The Washington Post reports: From the moment the government’s massive database of citizens’ call records was exposed this year, U.S. officials have clung to two main lines of defense: The secret surveillance program was constitutional and critical to keeping the nation safe.
But six months into the controversy triggered by former NSA contractor Edward Snowden, the viability of those claims is no longer clear.
In a three-day span, those rationales were upended by a federal judge who declared that the program was probably unconstitutional and the release of a report by a White House panel utterly unconvinced that stockpiling such data had played any meaningful role in preventing terrorist attacks.
Either of those developments would have been enough to ratchet up the pressure on President Obama, who must decide whether to stand behind the sweeping collection or dismantle it and risk blame if there is a terrorist attack.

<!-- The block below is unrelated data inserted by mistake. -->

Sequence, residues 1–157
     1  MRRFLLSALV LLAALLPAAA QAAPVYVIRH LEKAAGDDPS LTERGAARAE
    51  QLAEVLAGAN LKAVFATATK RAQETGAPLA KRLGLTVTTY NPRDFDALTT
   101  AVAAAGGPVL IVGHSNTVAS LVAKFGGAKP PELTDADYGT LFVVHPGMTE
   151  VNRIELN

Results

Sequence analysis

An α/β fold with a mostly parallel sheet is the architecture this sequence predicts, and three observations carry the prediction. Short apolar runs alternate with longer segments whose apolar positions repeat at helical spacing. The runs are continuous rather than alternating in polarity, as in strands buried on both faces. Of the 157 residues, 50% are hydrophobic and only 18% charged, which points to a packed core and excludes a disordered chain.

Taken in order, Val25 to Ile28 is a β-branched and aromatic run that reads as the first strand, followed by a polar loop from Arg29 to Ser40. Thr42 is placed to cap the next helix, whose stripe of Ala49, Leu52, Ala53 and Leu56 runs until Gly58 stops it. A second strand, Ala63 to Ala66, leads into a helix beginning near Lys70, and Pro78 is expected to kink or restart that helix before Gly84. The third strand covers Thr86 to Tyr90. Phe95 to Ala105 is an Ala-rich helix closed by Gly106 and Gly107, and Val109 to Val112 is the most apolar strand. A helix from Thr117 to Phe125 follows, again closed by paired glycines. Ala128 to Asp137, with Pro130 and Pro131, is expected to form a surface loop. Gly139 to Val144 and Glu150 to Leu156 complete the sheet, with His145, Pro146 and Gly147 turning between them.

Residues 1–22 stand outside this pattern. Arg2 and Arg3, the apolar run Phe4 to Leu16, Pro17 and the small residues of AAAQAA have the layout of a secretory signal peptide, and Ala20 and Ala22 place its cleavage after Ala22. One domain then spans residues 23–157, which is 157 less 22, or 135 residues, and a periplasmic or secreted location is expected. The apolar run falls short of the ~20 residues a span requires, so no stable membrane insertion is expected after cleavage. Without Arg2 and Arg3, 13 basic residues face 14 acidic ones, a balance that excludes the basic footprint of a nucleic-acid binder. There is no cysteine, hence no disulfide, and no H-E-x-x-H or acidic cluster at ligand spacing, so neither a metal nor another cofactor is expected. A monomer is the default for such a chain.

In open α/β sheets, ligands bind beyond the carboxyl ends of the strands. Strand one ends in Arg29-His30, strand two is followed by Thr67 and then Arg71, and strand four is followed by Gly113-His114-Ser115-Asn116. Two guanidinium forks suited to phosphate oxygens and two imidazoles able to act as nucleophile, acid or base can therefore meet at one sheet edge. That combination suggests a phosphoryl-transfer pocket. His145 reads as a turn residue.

Beyond that dilemma for the president, the decision by U.S. District Judge Richard J. Leon and the recommendations from the review panel shifted the footing of almost every major player in the surveillance debate.
NSA officials, who rarely miss a chance to cite Snowden’s status as a fugitive from the law, now stand accused of presiding over a program whose capabilities were deemed by the judge to be “Orwellian” and likely illegal. Snowden’s defenders, on the other hand, have new ammunition to argue that he is more whistleblower than traitor.
Similarly, U.S. officials who have dismissed NSA critics as naive about the true nature of the terrorist threat now face the findings of a panel handpicked by Obama and with access to classified files. Among its members were former deputy CIA director Michael J. Morrell and former White House counterterrorism adviser Richard A. Clarke, both of whom spent years immersed in intelligence reports on al-Qaeda. [Continue reading…]